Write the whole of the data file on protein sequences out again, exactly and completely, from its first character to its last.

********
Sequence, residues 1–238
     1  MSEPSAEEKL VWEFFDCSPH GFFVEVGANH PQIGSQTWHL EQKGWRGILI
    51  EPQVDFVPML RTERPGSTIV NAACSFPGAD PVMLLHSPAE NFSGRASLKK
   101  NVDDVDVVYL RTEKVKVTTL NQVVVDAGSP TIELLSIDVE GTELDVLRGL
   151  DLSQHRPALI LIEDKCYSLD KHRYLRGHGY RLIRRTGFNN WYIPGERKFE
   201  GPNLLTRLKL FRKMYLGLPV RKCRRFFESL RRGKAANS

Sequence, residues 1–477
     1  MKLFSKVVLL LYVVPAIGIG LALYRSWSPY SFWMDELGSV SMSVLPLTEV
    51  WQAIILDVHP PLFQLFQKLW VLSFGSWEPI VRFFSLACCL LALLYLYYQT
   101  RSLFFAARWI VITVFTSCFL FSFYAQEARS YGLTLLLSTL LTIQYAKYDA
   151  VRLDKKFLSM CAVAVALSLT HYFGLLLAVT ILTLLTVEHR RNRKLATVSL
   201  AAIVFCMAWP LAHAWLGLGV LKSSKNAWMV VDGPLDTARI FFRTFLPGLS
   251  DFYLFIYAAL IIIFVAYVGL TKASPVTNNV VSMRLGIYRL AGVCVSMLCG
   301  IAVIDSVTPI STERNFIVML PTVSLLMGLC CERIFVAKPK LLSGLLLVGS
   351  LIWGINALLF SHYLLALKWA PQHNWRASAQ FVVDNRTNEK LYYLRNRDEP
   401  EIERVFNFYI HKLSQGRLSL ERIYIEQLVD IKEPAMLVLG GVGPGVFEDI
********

Sequence, residues 1–238
     1  MSEPSAEEKL VWEFFDCSPH GFFVEVGANH PQIGSQTWHL EQKGWRGILI
    51  EPQVDFVPML RTERPGSTIV NAACSFPGAD PVMLLHSPAE NFSGRASLKK
   101  NVDDVDVVYL RTEKVKVTTL NQVVVDAGSP TIELLSIDVE GTELDVLRGL
   151  DLSQHRPALI LIEDKCYSLD KHRYLRGHGY RLIRRTGFNN WYIPGERKFE
   201  GPNLLTRLKL FRKMYLGLPV RKCRRFFESL RRGKAANS

Sequence, residues 1–477
     1  MKLFSKVVLL LYVVPAIGIG LALYRSWSPY SFWMDELGSV SMSVLPLTEV
    51  WQAIILDVHP PLFQLFQKLW VLSFGSWEPI VRFFSLACCL LALLYLYYQT
   101  RSLFFAARWI VITVFTSCFL FSFYAQEARS YGLTLLLSTL LTIQYAKYDA
   151  VRLDKKFLSM CAVAVALSLT HYFGLLLAVT ILTLLTVEHR RNRKLATVSL
   201  AAIVFCMAWP LAHAWLGLGV LKSSKNAWMV VDGPLDTARI FFRTFLPGLS
   251  DFYLFIYAAL IIIFVAYVGL TKASPVTNNV VSMRLGIYRL AGVCVSMLCG
   301  IAVIDSVTPI STERNFIVML PTVSLLMGLC CERIFVAKPK LLSGLLLVGS
   351  LIWGINALLF SHYLLALKWA PQHNWRASAQ FVVDNRTNEK LYYLRNRDEP
   401  EIERVFNFYI HKLSQGRLSL ERIYIEQLVD IKEPAMLVLG GVGPGVFEDI